Then later on in my life, after I'd finished my first degree in music, I was staying with a friend in North Carolina and we were just enjoying the summer and learning to play and sing our favorite songs on the guitar. It was very difficult for me to learn how to play and sing guitar at the same time. My friend, who doesn't even consider himself to be a musician and rarely ever picks up any instrument to practice, could figure out the songs much more quickly. In fact, he could recall entire songs from memory and figure out the chords on the guitar and start singing the melody with all the correct pitches - all with very little effort. I said to him 'Alright Mozart, how can you do that? I'm jealous.' He said that he had studied violin with the Suzuki approach on the violin when he was a kid and it improved his ear so much that it carried over into his later life even though he never practiced anymore.
            In Italy, it is common to have classes in elementary and middle public schools where music fundamentals and Solfege are taught to children. And children who show interest in music are often able to attend professional conservatories at a low-cost, where they learn fundamentals very well from a young age in addition to playing an instrument. My friend in North Carolina was lucky enough to have had parents who gave him the gift of Suzuki training as a child. Even though he isn't a professional musician, music has always been one of his absolute favorite things in life.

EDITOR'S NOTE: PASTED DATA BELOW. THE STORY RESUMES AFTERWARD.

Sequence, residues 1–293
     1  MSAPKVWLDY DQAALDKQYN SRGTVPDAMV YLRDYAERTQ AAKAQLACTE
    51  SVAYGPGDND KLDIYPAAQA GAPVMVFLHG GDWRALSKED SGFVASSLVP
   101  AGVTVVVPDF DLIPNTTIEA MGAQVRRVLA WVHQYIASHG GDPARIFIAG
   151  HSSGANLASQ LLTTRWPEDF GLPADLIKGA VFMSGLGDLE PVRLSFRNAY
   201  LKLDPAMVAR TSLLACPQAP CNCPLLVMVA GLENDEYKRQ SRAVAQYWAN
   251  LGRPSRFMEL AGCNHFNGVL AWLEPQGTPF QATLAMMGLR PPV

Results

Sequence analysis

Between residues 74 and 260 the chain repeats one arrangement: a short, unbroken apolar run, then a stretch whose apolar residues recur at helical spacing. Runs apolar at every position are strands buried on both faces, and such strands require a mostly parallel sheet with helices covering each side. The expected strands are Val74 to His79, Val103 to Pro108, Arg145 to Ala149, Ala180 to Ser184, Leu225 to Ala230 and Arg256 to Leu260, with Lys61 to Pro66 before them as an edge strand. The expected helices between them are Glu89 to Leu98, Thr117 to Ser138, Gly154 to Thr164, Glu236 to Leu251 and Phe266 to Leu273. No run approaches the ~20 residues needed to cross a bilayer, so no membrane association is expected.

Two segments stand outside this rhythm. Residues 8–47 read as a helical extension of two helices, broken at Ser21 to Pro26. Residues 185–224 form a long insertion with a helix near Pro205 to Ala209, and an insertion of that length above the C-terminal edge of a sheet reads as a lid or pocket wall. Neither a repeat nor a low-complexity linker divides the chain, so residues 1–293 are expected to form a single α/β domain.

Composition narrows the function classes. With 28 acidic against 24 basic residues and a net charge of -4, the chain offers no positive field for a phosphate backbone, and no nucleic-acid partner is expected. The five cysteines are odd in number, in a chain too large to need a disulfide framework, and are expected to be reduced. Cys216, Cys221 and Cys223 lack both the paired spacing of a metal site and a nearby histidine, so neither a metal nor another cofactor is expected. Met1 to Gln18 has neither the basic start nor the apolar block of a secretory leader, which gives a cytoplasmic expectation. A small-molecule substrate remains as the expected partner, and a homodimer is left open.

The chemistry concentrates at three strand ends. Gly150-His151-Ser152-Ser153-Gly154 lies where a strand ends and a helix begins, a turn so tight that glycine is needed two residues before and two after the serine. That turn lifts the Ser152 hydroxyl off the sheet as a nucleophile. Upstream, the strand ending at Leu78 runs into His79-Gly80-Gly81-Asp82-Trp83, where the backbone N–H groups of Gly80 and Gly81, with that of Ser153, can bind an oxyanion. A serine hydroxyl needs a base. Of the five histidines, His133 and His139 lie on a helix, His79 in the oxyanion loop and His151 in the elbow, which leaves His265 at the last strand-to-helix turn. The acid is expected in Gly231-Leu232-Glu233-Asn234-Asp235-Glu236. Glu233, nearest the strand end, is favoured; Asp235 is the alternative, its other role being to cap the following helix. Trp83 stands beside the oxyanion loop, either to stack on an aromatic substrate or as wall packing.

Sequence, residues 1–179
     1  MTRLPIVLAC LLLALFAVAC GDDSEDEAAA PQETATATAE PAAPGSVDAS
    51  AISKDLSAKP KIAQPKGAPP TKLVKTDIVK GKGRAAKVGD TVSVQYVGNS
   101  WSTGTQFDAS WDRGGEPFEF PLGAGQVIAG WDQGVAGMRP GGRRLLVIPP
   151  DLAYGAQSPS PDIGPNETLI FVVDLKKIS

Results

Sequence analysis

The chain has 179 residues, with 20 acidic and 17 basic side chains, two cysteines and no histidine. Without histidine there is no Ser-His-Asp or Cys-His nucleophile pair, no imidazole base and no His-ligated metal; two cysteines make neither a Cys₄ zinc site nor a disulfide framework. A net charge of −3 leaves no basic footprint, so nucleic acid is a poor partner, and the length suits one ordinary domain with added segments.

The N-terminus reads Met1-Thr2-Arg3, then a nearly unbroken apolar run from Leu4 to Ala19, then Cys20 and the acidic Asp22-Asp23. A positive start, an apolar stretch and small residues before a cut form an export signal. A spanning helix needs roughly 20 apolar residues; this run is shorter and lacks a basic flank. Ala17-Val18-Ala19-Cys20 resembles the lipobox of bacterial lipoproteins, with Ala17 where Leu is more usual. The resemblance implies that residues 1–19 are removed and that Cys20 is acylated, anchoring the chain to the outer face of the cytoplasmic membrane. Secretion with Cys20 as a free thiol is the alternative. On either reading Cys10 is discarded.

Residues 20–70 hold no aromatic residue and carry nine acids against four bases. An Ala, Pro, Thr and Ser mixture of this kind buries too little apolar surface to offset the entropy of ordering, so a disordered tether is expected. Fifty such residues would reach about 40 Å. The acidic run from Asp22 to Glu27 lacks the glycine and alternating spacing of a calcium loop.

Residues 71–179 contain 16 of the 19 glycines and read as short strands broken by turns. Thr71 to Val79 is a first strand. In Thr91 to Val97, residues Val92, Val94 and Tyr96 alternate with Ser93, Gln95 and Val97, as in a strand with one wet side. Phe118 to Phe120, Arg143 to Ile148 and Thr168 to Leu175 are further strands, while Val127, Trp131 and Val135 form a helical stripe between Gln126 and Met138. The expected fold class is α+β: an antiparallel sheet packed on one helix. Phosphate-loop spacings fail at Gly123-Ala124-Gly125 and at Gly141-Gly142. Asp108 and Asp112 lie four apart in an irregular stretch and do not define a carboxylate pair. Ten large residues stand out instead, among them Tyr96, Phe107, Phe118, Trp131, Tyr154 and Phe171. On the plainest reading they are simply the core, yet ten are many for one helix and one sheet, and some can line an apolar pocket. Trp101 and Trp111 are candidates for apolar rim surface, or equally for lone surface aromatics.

The more fundamentals are studied and practiced, the more clearly a person is able to hear pitches and subtleties when listening to or playing music. And this is incredibly beneficial to both professional musicians and non-professional musicians who love music. By teaching kids fundamentals, they will better appreciate and more clearly hear music, regardless of their path in life.
            Studying the musical fundamentals, like solfege, sight-singing, sight-reading, pitch and chord progression recognition are important for enjoyment and success in general music and instrumental study.  Solfege trains the ability to hear pitches in a person's head just by looking at the music.  Sight-singing is beneficial for all musicians because all music – vocal and instrumental music - has melodies intended to be shaped to resemble a sung voice.  Harmonic progressions provide the foundation and support melody. 
            As a guitar teacher, and musician in general, I always try to teach the fundamentals and emphasize their importance to my students, in addition to guitar specific skills such as proper technique.  Any great work, composition, or performance is built upon a good foundation - and having a strong foundation in musical fundamentals improves their musicianship for any instrument that they might end up picking up throughout their lives in addition to improving their ear and listening experience everytime they hear any genre of music from throughout the world.  

-Mr. Shawn Satler, CYM guitar department